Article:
The number of flight delays and cancellations at Norwegian airports has soared in the past few years, according to new figures from state auditor general Riksrevisjonen. The vast majority are caused by the airlines themselves, but aviation authorities are also getting a share of the blame.
The new numbers show that a total of 61,970 flights were delayed last year, reports newspaper Aftenposten. Another 17,784 flights were cancelled. The number of cancellations has more than tripled since 2003.
Delays and cancellations are often blamed on bad weather, but the state auditor’s figures show that they only account for 10 percent of the flights that don’t take off or land on time.
Fully 74 percent of the delays and cancellations were traced to either staffing or technical problems at the airline involved. Both aviation authority Avinor and the Transport Ministry claim that the airlines’ attempts to save money have led to a lack of personnel and much tighter route schedules.
State auditors, though, reported that Avinor itself was responsible for a greater share of delays than the weather, with 12.5 percent of them linked to Avinor’s management of flight traffic and use of air space and its communication with the airlines.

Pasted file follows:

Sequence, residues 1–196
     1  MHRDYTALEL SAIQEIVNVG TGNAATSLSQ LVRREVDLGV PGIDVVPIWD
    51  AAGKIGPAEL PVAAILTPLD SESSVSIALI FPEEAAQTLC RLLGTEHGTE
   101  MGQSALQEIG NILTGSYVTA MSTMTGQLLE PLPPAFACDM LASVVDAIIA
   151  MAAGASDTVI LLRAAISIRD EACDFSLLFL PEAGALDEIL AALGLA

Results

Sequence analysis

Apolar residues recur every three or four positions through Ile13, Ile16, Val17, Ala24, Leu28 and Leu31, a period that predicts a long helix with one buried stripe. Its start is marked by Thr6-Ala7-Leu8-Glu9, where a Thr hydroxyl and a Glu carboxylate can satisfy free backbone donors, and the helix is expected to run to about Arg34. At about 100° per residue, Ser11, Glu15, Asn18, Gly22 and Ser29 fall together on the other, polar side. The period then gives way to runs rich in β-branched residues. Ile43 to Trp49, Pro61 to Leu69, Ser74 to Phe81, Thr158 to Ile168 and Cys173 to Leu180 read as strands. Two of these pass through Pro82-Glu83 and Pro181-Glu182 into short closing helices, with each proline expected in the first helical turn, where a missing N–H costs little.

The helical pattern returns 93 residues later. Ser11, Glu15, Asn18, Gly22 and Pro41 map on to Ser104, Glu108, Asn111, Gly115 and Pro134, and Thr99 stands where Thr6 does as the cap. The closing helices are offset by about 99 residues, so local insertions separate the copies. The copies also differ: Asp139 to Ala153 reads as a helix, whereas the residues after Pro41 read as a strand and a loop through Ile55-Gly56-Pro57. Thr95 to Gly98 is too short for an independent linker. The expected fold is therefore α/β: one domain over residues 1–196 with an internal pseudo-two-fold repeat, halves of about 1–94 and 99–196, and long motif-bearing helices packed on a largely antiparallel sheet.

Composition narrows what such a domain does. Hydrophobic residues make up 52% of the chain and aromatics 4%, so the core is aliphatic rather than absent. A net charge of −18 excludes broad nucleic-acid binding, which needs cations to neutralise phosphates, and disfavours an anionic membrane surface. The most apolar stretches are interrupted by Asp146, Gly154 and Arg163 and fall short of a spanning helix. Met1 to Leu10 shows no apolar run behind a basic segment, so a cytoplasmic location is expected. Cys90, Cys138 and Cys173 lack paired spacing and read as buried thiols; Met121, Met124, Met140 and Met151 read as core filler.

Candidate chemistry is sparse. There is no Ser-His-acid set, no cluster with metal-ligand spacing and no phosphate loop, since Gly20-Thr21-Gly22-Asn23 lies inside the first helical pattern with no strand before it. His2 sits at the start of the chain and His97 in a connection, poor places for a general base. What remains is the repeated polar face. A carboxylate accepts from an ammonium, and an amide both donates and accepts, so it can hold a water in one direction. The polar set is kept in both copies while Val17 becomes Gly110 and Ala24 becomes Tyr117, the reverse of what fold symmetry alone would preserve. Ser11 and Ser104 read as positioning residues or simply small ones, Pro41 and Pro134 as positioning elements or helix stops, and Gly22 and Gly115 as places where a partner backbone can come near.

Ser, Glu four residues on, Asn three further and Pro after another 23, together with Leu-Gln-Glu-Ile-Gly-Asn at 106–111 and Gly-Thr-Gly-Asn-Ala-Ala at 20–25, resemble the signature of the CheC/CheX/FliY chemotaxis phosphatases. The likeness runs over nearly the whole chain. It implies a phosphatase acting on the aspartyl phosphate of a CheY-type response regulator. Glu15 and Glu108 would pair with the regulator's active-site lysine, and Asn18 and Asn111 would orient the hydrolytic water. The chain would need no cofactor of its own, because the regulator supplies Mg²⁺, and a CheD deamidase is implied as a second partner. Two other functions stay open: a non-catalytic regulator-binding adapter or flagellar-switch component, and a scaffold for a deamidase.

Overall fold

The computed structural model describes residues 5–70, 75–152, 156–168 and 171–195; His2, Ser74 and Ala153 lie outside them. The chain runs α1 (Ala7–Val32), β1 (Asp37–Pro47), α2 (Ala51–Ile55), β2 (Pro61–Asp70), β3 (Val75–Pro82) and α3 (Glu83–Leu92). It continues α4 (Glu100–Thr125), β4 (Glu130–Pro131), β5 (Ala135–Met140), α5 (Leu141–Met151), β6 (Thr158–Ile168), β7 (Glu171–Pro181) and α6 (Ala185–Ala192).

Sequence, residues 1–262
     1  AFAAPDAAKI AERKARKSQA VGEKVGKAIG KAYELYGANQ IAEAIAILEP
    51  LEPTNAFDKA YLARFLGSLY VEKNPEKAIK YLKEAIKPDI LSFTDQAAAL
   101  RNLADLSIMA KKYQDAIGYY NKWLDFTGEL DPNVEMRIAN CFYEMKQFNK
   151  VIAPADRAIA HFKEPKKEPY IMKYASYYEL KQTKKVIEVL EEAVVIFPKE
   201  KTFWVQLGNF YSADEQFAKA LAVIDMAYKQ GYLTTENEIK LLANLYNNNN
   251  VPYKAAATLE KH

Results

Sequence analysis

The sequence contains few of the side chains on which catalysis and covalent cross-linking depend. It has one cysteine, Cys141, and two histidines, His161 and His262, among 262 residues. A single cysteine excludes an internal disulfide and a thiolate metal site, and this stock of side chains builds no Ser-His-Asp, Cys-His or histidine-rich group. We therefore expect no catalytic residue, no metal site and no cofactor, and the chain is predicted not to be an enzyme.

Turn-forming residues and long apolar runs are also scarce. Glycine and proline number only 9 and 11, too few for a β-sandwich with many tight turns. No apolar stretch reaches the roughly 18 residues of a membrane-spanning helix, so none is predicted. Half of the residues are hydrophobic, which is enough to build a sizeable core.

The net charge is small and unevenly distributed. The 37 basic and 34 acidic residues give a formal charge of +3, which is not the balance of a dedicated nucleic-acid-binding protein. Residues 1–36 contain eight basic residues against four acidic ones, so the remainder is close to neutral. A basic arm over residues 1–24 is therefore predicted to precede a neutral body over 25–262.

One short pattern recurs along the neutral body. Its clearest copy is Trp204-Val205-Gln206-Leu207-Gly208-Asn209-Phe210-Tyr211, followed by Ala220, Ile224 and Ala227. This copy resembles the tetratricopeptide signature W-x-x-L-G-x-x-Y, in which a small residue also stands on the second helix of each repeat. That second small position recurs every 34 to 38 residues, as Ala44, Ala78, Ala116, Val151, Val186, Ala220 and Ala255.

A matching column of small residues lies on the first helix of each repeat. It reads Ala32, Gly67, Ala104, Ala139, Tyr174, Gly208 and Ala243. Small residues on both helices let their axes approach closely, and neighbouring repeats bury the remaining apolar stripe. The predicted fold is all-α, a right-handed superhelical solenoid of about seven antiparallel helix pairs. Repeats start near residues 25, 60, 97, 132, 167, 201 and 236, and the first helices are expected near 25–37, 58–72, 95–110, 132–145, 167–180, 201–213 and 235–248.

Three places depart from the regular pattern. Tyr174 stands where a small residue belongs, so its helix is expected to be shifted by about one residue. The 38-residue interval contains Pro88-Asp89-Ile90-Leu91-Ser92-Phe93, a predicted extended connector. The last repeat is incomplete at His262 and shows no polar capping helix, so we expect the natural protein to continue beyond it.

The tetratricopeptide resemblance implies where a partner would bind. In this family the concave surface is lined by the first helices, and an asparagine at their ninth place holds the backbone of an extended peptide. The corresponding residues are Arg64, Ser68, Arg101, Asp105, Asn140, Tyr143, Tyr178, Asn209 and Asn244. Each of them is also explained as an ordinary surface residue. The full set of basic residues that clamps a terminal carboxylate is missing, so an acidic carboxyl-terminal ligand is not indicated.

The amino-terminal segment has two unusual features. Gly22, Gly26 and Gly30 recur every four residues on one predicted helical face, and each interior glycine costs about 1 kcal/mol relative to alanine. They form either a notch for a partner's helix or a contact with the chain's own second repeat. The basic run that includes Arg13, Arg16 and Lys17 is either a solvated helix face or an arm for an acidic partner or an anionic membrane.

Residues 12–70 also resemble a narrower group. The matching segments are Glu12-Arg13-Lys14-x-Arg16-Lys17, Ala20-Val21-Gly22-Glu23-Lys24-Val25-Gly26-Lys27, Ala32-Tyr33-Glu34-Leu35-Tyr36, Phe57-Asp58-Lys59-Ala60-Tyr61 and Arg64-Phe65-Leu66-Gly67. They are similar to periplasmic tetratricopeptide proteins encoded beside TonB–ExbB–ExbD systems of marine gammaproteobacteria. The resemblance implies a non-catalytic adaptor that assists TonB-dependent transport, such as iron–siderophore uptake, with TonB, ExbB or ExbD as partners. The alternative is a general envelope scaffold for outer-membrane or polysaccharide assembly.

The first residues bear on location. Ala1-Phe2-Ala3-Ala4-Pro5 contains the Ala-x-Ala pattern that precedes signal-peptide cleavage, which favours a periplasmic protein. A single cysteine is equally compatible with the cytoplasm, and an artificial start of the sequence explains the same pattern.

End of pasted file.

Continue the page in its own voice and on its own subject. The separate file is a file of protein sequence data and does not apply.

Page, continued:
“Avinor needs to clean up here,” said Knut Arild Hareide, a Member of Parliament for the Christian Democrats party who leads the parliament’s Transport and Communications Committee. “It’s upsetting that the number of delays that Avinor is responsible for has doubled in the past five years.”
The airlines, meanwhile, promise that the number of delayed flights will decline this year. “We depend on Avinor’s conditions for flight traffic,” said Knut Morten Johansen of Scandinavian Airlines (SAS). He claimed SAS had the best on-time record of all the airlines in the world in October, even edging out Singapore Airlines, which is known for its schedule reliability.